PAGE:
You’ve founded a startup, you’ve got some traction, and you’ve raised some money. That’s the easy part (trust me!) — now how do you take that early traction and turn it into a successful hypergrowth company?
This is where good Product Management is critical, but inevitably there comes a time when a founder runs out of time or experience in scaling and growing a product function. Before this happens you need to hire a more experienced product leader to take the reins.
Even if you’re one of those rare unicorns who combines being a founder, CEO, and product visionary you have to start letting go of the product so you can focus on the business. You simply don’t have enough time to do both well when the responsibilities of the CEO job — from managing other teams to fundraising and managing the board — start piling up. Great founders think about product, but exceptional founders ask the tough questions about who should lead the company vs who should lead the product.
So once you start scaling your team beyond a handful of people, it’s time to hire your first product person. But even more important than when to hire is that you hire appropriately for the stage of your company. Many first-time founders are tempted to go and find the most experienced product leader they can, but hiring too senior, too quickly, can be a mistake. You might think your first product person needs to be an experienced VP of Product but that can backfire when the VP turns up and shows they’re no longer used to being operational and building a product. Instead, they’re used to leading a large team of product managers — two different skill sets. You also risk setting your new hire — and your nascent business — up for failure by giving up too much of the product strategy ownership too early. The success you’ve had so far comes from your vision after all, so don’t give up control over that too soon.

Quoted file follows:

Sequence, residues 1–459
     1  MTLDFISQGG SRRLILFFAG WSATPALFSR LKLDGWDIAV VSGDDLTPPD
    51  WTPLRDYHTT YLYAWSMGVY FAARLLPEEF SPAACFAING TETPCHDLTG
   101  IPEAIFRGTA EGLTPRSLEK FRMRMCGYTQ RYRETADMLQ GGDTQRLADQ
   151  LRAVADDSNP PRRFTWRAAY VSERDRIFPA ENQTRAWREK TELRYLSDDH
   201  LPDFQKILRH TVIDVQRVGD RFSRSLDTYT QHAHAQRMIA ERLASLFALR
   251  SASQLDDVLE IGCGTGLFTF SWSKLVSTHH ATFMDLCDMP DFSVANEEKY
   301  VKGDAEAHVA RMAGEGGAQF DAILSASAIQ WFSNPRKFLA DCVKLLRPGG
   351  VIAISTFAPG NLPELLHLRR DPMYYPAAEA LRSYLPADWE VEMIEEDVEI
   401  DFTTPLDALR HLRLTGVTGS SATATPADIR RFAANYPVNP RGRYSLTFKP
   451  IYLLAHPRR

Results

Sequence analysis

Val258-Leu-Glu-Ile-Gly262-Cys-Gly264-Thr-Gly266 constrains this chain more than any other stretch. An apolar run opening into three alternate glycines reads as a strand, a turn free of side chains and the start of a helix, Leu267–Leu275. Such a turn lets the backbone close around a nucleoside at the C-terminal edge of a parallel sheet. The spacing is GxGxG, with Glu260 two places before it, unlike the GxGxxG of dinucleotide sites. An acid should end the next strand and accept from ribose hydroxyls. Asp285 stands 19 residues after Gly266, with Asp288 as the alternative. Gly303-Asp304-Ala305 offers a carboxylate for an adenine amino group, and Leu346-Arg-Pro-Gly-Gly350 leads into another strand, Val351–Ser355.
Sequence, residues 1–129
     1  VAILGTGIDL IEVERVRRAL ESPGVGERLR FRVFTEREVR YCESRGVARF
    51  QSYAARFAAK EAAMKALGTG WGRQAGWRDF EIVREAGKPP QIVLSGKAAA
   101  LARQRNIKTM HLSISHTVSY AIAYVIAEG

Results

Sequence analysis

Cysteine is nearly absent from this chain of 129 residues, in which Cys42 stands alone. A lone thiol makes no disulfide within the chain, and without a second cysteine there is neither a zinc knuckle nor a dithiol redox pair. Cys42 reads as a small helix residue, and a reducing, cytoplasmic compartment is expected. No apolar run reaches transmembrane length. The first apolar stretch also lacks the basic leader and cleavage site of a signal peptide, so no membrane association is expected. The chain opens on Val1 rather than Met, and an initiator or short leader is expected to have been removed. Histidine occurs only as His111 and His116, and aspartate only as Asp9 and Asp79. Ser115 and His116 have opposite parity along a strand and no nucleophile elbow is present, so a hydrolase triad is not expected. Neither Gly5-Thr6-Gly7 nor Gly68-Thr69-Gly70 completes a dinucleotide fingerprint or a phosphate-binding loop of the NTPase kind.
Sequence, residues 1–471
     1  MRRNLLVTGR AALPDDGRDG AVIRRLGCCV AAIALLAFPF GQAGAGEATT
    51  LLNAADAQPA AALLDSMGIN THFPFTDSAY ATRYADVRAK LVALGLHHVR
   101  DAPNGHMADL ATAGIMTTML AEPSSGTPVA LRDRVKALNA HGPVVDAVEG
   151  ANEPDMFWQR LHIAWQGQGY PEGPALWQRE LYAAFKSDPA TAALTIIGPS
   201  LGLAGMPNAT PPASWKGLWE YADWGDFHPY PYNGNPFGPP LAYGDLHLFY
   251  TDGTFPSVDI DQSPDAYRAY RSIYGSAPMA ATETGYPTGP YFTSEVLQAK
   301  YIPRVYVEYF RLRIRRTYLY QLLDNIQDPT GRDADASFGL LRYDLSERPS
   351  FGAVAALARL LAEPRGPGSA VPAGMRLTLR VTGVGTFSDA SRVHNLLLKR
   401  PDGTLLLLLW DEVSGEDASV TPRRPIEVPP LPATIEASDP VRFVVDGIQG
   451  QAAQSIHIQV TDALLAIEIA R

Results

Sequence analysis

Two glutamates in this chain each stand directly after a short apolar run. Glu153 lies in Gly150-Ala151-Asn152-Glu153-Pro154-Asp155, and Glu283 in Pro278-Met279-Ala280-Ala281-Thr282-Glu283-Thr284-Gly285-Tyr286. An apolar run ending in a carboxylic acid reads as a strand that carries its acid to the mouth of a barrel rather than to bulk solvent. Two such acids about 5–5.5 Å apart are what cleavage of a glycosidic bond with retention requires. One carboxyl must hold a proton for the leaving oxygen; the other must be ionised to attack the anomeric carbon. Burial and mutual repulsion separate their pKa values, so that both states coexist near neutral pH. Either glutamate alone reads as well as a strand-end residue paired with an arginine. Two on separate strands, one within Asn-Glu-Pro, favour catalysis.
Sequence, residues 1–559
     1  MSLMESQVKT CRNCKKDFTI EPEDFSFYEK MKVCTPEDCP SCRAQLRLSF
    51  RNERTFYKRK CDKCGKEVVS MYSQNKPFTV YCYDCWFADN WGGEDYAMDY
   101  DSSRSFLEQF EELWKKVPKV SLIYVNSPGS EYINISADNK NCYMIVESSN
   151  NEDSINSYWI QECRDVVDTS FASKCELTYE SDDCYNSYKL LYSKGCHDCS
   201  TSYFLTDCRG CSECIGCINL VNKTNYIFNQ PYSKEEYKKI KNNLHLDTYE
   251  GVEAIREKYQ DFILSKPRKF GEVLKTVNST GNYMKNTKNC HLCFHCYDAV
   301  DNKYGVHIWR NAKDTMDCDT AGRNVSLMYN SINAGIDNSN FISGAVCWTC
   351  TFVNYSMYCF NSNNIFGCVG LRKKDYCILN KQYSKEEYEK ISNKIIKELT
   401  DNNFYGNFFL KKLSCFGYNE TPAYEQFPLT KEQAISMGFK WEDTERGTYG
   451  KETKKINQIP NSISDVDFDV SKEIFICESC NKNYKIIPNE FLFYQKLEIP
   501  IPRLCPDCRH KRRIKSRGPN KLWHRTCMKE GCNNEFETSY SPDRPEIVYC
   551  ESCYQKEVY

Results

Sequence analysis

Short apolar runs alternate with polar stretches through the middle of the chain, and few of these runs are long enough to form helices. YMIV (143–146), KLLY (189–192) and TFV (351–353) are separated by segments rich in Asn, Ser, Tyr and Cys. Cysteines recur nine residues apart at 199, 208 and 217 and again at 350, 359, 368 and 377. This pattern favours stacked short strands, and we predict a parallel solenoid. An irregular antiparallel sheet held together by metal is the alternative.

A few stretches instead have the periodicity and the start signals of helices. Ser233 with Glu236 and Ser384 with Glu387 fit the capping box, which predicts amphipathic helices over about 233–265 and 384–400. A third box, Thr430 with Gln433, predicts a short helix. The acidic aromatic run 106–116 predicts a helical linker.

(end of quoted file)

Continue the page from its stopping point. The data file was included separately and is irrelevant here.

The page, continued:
Many European founders also focus too much on hiring from the big four — Amazon, Apple, Facebook, Google — or companies of similar success and scale because of their cachet. But the skills needed to build great products at scale are very different to those required to get to scale. A product manager used to A/B testing a new feature with a small slice of an audience of millions and see results within hours will be lost when faced with a product that only has a hundred users in total.
Instead you should look to hire an exceptional hands-on product manager, someone who can initially take your lead on product vision but give you the execution chops you need to leverage your time better. A product manager who has experience managing other people and hiring a team but also relishes the challenge of taking on a promising existing product and getting their hands dirty taking it to the next level. A product manager who has built a product from scratch or at a small startup and knows how to execute with limited resources and prioritise their team’s time to the fullest.
In time your product team will need to continue to grow and hopefully your product manager can grow with it and get promoted to VP Product — but if not there’s always room to hire a VP of Product above them later.
Stay tuned for more tips on when and how to hire your first product manager — and scale your product development team as you grow!